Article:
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Clocks, Watches/Diplomat Clock question


I have a diplomat clock that I picked up from an Auction everything seems to work fine on it except the chimes for the hours. If you're standing at the rear of the clock the left side chimes for the quarter hours which has eight hammers striking at different times. The right side has (4) hammers that should all strike at the same time. You can move them freely by hand because there is "NO" tension. My question is do you have any idea what could be causing this issue? Could this be a simple fix or something a little more complicated? I'm pretty handy when it comes to mechanical things but I thought if I could ask, it might be something simple that would'nt require me to pull it all apart. Thanks for your time!


Roy, let me rephrase this a little to help you.  Looking from the back of the clock, you are correct in that the chimes would be on the left side.  They chime the chosen melody (3 selections) on each quarter.  At the hour and the conclusion of the chime melody, the strike (right side) should strike out the hour.  I think what you are saying is that the strike is not working.  The "no tension" is not a problem.  The strike hammers sit at rest and are picked up (all four) by the strike lift cam and then dropped to count out the hour.  There are a few causes for the strike not working:

1.  There is a lever moved against the hammers to keep them from flopping around during transporting the clock.  

2.  There is a strike silence lever set to silent.

3.  The strike train (all the gears) is not being tripped by the chime levers.

4.  The strike train is moving but the hammers are not lifting.

5.  The hammers are lifting but not dropping enough to hit the strike rods.

The first two causes can be corrected by moving the levers.  Item numbers 3 through 5 require that the movement be adjusted.  You might be able to correct one or two of these. If you will look on the back of the movement and give me the information you find, I will be able to determine the the model and possibly instruct you on how to correct it. Other that that you might need to have an experienced clockmaker check it out.  Also check the weights.  The general rule is that if one weight is heavier than the other two equal (usually) ones, it would hang on the right (as you face the clock).  If one weight is lighter than the other two equal (usually) ones, it would hand on the left.  I will be able to tell you more when the model is determined.  One more thought, on chain or cable drive movements, make sure the chain or cable on the strike side (left as you face the clock) is not jammed.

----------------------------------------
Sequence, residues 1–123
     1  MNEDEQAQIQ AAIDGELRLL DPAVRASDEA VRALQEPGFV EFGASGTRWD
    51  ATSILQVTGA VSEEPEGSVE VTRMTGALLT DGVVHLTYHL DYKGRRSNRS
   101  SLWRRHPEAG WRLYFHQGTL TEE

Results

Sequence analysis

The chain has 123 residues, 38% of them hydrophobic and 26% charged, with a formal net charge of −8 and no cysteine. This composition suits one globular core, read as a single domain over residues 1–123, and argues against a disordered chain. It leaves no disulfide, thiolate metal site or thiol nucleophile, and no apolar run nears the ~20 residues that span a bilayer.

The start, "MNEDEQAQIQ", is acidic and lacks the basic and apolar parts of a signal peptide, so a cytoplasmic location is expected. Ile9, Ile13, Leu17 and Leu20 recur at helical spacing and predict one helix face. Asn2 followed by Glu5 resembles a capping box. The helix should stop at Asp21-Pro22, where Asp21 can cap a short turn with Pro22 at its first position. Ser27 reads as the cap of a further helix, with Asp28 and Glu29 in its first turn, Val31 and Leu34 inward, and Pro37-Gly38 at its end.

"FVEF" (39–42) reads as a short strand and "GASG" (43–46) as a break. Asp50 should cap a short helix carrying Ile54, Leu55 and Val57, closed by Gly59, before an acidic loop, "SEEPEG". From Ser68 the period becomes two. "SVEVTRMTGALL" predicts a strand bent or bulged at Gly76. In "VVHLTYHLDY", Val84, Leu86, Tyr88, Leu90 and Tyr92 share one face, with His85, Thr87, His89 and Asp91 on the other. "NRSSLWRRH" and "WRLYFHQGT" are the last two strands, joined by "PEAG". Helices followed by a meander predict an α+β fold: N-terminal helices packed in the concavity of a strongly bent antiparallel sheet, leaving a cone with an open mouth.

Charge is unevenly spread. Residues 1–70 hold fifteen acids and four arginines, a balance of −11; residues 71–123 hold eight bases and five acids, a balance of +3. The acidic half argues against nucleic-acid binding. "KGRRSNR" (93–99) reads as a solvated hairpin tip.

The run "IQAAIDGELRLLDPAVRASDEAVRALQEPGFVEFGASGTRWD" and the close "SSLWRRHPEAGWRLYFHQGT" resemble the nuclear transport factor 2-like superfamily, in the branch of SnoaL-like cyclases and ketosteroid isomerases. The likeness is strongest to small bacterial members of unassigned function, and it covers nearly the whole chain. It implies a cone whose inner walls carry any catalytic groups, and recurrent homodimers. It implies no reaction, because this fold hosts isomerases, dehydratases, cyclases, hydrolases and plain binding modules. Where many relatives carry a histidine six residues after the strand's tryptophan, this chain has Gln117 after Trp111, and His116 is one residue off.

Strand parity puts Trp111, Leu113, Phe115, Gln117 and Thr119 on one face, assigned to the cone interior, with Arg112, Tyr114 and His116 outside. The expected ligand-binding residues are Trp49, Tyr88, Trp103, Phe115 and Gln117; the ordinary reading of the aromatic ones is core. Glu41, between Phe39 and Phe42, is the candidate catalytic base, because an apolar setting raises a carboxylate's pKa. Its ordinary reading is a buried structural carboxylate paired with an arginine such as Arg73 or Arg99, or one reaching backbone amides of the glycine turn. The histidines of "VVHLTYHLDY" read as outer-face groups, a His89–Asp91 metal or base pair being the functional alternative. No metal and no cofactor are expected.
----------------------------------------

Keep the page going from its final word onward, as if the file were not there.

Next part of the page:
John Newman
Old Prattvillage
Prattville, Alabama  

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John Newman


As I am not a certified appraiser I do not give values of clocks over the Internet. There is very little published information on what I consider to be the value of "modern production clocks". However, considerations are what the clock originally sold for, the condition of the case and movement, and particularly the area in which you live, the demand and the economy. ALSO, WATCHES ARE NOT MY FIELD. However, I can advise the clock owner on proper maintenance of a clock to keep it running, small corrections and adjustments and how to move a clock without damaging it. I can also advise on obtaining parts for clocks. As clock case model label numbers are difficult to relate to the movements, it is helpful if you can give me the information usually found on the movements themselves. Modern clock movements usually have the information on the back plate of the movement. I have been a clockmaker for about 40 years and was plant engineer in the mid 90's and later operations and engineering consultant at Emperor Clock Company in Fairhope, Alabama. I now have my own clock shop in Prattville, Alabama.


One of my greatest accomplishments was traveling to China to assist a clock factory in building clocks to the standards which we required at Emperor. With the proper specifications and quality control, some beautiful clock cases were built. The factory people from the wood carvers to the plant manager were very congenial, friendly and I left a lot of wonderful friends when I returned from my trips.

NAWCC (National Association of Watch and Clock Collectors) 30 years Prattville, Alabama Chamber of Commerce

Horological Times, a publication of the American Watch and Clockmakers Instute. Collaberated column author, with Photos and ideas for clock movement conversion article.

Associate of Science Mechanical Engineering Technology Emperor Introductory Clock Repair (Eventually taught a portion of the class after becoming employee)

Awards and Honors
Small Business of the Quarter (Prattville, Alabama) Leadership Class of 2009 (Autauga County, Alabama)

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